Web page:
Guam – An Untalan Middle School Teacher has died of active Tuberculosis, according to Guam Medical Examiner Dr. Aurelio Espinola.
He tells PNC that he did not perform an autopsy because he based the cause of death on hospital records, which confirmed the teacher had active pulmonary tuberculosis.
Department of Education Deputy Superintendent Robert Malay tells PNC that the teacher passed away earlier this week. But he says DOE was informed by Department of Public Health last week that the employee was in fact battling tuberculosis.
Malay could not release the teacher’s identity due to federal regulations, but assured students and staff that DOE will conducting a contact investigation for those who may have been exposed to the teacher.
“Basically what the contact investigation is is to try to identify as many people who may have come into close proximity on a regular basis with the individual, whether it’s a student or a teacher or support staff or whatever and proceed to test to see what the results are based on the exposure to the person with active Tuberculosis,” says Malay. “What I can say is that at the start of the school year the teacher did provide the school with a negative TB screening, meaning they did not have tuberculosis when they provided their screening back in July of 2013.”
Malay says the contact investigation began earlier this week with notices that were sent out to students and their parents and support staff of possible exposure to the teacher. And on behalf of the entire DOE, Malay offered condolences to the teacher’s family during this difficult time.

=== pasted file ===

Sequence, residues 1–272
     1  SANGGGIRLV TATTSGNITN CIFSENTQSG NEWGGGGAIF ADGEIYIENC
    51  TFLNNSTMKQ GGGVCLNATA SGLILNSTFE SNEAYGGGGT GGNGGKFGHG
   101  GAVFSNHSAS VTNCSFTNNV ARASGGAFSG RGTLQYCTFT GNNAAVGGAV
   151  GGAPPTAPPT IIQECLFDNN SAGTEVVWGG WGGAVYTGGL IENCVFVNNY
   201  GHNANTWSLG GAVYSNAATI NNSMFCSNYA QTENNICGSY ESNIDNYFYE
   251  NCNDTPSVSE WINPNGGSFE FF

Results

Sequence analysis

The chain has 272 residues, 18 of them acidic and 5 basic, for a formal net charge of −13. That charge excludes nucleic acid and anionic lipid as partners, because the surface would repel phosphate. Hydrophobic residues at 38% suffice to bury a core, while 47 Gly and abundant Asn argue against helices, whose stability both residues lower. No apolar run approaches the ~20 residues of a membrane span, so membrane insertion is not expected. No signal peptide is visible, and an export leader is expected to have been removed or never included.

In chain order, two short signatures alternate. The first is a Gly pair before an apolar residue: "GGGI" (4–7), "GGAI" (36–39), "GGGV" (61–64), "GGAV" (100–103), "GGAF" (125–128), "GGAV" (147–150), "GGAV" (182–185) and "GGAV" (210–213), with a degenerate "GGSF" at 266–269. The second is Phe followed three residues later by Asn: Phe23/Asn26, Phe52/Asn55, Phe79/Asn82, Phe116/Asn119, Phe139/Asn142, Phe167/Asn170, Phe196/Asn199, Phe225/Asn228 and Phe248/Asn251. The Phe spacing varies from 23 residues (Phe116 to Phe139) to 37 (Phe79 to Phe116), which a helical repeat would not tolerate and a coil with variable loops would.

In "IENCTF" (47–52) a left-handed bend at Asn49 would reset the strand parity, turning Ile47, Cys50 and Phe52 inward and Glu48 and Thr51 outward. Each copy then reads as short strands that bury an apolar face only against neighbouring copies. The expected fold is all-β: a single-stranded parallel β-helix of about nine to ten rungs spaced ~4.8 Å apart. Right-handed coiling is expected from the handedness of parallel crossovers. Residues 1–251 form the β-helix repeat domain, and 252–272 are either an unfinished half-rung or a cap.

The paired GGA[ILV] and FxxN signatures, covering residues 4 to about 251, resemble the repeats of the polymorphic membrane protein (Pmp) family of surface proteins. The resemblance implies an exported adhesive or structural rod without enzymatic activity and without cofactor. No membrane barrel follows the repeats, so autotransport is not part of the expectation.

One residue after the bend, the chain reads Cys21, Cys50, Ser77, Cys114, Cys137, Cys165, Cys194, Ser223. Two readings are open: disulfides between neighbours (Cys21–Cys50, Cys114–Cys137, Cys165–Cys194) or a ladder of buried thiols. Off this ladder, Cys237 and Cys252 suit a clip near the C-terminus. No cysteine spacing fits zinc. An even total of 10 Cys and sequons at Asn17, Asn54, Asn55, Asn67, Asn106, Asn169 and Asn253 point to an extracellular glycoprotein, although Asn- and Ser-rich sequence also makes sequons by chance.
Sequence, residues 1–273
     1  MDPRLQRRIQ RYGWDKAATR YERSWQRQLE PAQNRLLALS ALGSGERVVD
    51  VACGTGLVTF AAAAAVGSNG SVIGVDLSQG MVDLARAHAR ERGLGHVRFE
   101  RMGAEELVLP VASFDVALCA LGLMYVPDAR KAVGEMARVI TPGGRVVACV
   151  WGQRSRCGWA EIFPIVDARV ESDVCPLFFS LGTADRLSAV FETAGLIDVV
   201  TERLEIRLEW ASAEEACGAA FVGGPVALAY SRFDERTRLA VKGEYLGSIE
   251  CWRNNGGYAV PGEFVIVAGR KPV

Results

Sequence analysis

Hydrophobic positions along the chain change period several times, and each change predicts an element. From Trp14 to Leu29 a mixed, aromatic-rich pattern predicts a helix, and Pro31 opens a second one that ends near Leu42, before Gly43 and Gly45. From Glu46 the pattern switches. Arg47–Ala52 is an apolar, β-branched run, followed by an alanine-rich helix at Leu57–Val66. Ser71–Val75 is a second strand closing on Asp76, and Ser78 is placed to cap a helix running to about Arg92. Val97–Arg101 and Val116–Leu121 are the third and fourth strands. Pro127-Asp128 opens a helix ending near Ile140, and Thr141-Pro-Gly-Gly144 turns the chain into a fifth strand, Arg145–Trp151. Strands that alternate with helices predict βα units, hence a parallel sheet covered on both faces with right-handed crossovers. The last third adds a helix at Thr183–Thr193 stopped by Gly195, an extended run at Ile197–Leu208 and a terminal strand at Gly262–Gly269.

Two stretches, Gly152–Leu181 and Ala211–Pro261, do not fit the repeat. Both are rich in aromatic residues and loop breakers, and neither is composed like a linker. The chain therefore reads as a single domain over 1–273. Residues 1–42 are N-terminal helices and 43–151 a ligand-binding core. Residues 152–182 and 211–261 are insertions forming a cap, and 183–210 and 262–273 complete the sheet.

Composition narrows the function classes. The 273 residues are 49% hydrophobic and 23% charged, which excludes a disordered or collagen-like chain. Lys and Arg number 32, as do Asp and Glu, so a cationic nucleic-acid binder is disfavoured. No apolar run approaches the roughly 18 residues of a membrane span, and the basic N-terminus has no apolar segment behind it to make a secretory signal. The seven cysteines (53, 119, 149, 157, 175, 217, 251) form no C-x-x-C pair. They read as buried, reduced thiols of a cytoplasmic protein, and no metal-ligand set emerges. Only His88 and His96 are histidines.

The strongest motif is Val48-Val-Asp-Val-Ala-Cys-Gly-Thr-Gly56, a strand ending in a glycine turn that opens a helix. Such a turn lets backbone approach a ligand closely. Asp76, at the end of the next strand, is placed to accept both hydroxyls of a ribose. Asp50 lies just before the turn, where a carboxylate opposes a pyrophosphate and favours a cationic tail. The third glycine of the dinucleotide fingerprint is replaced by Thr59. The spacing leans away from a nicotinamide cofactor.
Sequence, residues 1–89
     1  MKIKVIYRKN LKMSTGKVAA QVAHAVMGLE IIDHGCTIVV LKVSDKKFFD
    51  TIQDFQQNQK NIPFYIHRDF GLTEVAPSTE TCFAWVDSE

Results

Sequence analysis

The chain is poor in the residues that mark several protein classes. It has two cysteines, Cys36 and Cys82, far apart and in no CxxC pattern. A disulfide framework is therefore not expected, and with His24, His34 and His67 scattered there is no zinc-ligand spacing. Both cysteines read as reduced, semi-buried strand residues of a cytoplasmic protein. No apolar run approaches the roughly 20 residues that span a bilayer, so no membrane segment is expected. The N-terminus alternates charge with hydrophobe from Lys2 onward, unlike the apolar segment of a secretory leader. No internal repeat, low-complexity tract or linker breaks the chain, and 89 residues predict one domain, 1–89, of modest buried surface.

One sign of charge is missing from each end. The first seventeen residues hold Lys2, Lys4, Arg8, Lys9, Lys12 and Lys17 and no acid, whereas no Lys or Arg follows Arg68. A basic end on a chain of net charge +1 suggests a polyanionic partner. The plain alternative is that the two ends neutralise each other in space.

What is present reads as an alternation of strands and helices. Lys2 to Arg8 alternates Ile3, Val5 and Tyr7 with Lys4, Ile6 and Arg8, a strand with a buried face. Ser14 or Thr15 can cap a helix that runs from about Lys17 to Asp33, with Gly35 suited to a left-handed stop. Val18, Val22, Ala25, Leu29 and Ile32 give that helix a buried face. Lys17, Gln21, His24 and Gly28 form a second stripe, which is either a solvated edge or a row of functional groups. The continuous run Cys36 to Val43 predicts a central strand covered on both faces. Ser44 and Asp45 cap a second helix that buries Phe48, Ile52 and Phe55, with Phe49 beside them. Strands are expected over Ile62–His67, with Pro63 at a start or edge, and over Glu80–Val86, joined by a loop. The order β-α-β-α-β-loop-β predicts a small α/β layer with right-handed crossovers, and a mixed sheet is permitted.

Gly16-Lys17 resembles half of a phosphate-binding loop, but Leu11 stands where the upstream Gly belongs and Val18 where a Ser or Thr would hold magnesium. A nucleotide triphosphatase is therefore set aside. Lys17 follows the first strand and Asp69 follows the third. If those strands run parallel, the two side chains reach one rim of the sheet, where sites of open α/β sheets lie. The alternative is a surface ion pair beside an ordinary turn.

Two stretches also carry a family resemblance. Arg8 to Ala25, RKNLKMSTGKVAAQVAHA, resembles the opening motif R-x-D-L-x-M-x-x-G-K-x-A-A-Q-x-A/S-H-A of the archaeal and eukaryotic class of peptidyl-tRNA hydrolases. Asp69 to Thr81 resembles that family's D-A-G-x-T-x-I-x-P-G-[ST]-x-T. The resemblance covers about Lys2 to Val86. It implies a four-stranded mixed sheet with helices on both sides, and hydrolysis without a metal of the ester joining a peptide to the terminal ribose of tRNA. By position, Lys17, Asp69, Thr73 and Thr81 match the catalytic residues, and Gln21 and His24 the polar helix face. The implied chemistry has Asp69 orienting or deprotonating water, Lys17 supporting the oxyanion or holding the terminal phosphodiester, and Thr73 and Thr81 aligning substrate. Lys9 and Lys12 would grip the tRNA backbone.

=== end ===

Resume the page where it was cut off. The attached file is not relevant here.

Read the Release from DPHSS Below:
DPHSS is working with school officials to identify all close contacts who will be recommended to undergo TB screening. All faculty and parents of students identified as close contacts will be notified by letter and provided information regarding the date for the TB screening.
Exposure to Tuberculosis does not result in TB disease immediately, unlike other communicable diseases such as Measles, Mumps etc. It takes anywhere from 2-10 weeks in order to see evidence of TB infection as shown by a positive TB skin test reaction. Most people who get exposed to TB might be able to keep the infection inactive or latent. However, children below the age of 5 years, people with Diabetes, or other immunosuppressive conditions may not be able to keep the infection under control and are at higher risk of developing active TB disease within a few months or 1-2 years after exposure.
DPHSS, in collaboration with GDOE School Health Counselors, will provide free TB skin tests to identified contacts at Untalan Middle School on November 22, 2013, from 9:00am – 12:00pm. The PPD skin tests can also be done at private clinics, at the patient’s expense. If the required PPD skin test is not done or test results not submitted by November 26, 2013, student/staff will not be allowed to school/work until the test has been completed. This exclusion is necessary to ensure that all close contacts receive the necessary testing.
Mycobacterium tuberculosis, the bacteria causing tuberculosis, is carried through the air in infectious droplet nuclei too small for the naked eye to see and are produced when an in infected person sneezes, coughs, speaks or sings. A person cannot get TB through handshakes, sitting on toilet seats, or sharing dishes and utensils with someone who has the TB disease.
Persons exhibiting symptoms of the disease such as a bad cough that lasts longer than two weeks, coughing up bloody sputum, weakness or fatigue, chills, weight loss, no appetite, fever and night sweats should contact their physician.
For more information, please contact Cecilia Teresa T. Arciaga, TB Control Program Manager, at 735-3602/7157/7131 from 8:00-5:00 pm.